Avatar universal

My 11 year old daughter

My 11 year old daughter was tested in June of 2011 for Thyroid problems.  Her test results came out to this:

TSH 3.31 (0.30 - 5.50)
Free T4 10 L (11-22)
Free T3 5.5 (3.7 - 7.7)

She also has a nodule that has to be scanned every 6 months.  

I'm wondering if I should push for a specialist for her or wait a few years until her hormones even out?
4 Responses
499534 tn?1328704178
I would see a pediatric endocrine specialist. Her Free T4 levels are low which will cause her to have hypo symptoms. The new TSH range is .30-3.0 so she is already bordering that as well...besides, TSH is a pituitary function test. Free T4 and Free T3 are the active forms of thyroid hormone with the T3 being the most active. She needs to have a proper ratio of both, as the T4 gets converted to T3.
Avatar universal
Over 8 years ago the AACE recommended that the range for TSH should be revised downward to .3 - 3.0.  Unfortunately most labs and doctors have not adopted the change.  Even though TSH is a pituitary hormone that is affected by many variables to the extent that it is inadequate as a sold diagnostic for thyroid, it is an indicator, to be considered along with more important indicators such as symptoms and also Free T3 and free T4.  

Your daughters TSH is slightly indicative of the possibility of being hypothyroid.  Also, the Free T4 is below the range, which is another indication.  Even though her Free T3 is just slightly below the middle of the range, the range is also too broad.  Patients with Free T3 and Free T4 results that are in the lower half of their range frequently have hypo symptoms.  

I know she is young, but if you look at this list of 26 typical hypothyroid symptoms, does she seem to have any of these?  If so, that would be a further indication.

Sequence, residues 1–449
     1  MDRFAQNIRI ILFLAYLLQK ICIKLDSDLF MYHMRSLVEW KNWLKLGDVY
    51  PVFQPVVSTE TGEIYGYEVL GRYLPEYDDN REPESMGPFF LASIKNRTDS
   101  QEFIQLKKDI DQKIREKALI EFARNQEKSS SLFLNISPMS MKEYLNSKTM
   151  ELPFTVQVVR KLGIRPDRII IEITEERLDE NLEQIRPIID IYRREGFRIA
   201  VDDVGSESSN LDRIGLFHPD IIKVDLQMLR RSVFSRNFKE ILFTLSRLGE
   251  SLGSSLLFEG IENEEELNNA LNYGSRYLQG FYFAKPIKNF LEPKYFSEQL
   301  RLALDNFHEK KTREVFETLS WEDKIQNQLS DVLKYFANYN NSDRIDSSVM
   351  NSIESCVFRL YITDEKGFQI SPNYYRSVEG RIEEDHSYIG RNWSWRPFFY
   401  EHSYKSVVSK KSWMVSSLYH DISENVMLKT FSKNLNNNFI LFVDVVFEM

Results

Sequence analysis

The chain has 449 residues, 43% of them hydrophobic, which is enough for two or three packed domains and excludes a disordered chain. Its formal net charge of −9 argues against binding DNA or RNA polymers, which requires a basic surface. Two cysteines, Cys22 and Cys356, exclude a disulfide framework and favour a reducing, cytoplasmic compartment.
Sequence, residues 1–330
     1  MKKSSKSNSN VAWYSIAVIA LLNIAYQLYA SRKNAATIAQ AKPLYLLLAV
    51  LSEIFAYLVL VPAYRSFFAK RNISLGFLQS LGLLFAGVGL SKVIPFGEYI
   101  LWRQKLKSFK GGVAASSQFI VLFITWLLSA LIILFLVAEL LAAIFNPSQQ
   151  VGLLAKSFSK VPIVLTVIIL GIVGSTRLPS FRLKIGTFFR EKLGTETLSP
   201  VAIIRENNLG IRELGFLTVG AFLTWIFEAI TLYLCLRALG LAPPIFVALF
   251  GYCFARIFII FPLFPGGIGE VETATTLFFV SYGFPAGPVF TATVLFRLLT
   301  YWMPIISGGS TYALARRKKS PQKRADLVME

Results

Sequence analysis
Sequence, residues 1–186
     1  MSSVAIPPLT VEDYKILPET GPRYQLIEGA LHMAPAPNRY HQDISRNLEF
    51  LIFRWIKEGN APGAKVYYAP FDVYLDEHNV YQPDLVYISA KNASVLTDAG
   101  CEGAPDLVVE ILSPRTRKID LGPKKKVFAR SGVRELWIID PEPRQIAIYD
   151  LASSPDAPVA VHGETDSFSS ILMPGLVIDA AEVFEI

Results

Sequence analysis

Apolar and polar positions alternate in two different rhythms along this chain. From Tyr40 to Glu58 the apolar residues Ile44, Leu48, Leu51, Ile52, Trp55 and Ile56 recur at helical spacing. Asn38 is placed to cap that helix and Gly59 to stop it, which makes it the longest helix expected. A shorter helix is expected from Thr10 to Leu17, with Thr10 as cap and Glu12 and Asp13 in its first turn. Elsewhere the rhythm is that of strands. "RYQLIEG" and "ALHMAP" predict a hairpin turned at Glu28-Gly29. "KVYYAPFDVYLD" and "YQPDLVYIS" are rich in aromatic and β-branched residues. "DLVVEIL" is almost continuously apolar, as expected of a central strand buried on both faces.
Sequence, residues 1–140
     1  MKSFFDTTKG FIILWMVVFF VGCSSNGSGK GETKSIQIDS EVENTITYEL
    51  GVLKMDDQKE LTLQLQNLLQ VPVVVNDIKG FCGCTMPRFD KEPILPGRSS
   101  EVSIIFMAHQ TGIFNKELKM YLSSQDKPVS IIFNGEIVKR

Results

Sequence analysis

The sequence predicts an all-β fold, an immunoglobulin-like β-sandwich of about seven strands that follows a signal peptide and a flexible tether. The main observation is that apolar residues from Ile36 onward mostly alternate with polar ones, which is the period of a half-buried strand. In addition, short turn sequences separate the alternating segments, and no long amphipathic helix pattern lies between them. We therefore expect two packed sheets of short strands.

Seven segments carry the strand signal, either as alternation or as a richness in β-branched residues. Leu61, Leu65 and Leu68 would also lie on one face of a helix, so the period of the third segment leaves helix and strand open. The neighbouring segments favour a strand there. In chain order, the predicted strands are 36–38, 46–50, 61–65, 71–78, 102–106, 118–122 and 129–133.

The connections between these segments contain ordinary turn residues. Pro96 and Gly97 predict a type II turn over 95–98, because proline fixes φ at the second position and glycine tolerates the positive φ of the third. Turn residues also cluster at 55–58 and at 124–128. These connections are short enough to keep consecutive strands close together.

It is very good that she has been tested for Free T3 and Free T4 since those are the biologically active thyroid hormones.  Free T3 is the most important, because it largely regulates metabolism and many other body functions.  Scientific studies have shown that Free T3 correlated best with hypo symptoms, while Free T4 and TSH did not correlate at all.  

I think it would be a very good idea to push for seeing a good thyroid doctor.  That does not automatically mean an Endo only.  Many of those specialize in diabetes and not thyroid.  Also many others have the "Immaculate TSH Belief' by which they believe they only need to use TSH to diagnose and treat a thyroid patient.  Others only want to rely on "Reference Range Endocrinology" and will tell you that a test result that falls anywhere within the range is adequate.  This is not correct because the ranges for FT3 and FT4 are far too broad, since they have never been corrected like was done for TSH over 8 years ago.

When I say good thyroid doctor I mean one that will test and adjust Free T3 and free T4 as necessary to relieve symptoms, without being constrained by resultant TSH levels.  Symptom relief should be all important, not just test results.  Finding an Endo that is also a good thyroid doctor is the best of all worlds.  

You can get some good insight into clinical treatment from this letter written by a good thyroid doctor for  patients that he sometimes consults with from a distance.  The letter is sent to the PCP of the patient to help guide treatment.


I know that you are in Canada and that it is often very difficult to find a good thyroid doctor as I described.  I also recognize that I have laid a lot of info on you all at once.  I am just trying to impress on you that it is  important for your daughter to find a good thyroid doctor.